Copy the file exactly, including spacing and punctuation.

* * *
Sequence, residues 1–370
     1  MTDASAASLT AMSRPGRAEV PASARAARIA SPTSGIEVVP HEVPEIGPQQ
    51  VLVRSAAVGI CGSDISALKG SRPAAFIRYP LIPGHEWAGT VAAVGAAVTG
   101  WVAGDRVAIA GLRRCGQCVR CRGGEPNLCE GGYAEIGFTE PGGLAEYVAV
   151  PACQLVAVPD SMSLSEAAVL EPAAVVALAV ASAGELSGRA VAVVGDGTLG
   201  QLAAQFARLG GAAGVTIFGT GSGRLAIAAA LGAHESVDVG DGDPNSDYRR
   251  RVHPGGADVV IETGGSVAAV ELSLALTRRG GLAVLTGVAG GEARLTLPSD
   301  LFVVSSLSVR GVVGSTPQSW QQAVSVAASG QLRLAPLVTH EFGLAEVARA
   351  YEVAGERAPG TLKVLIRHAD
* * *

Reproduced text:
Sequence, residues 1–370
     1  MTDASAASLT AMSRPGRAEV PASARAARIA SPTSGIEVVP HEVPEIGPQQ
    51  VLVRSAAVGI CGSDISALKG SRPAAFIRYP LIPGHEWAGT VAAVGAAVTG
   101  WVAGDRVAIA GLRRCGQCVR CRGGEPNLCE GGYAEIGFTE PGGLAEYVAV
   151  PACQLVAVPD SMSLSEAAVL EPAAVVALAV ASAGELSGRA VAVVGDGTLG
   201  QLAAQFARLG GAAGVTIFGT GSGRLAIAAA LGAHESVDVG DGDPNSDYRR
   251  RVHPGGADVV IETGGSVAAV ELSLALTRRG GLAVLTGVAG GEARLTLPSD
   301  LFVVSSLSVR GVVGSTPQSW QQAVSVAASG QLRLAPLVTH EFGLAEVARA
   351  YEVAGERAPG TLKVLIRHAD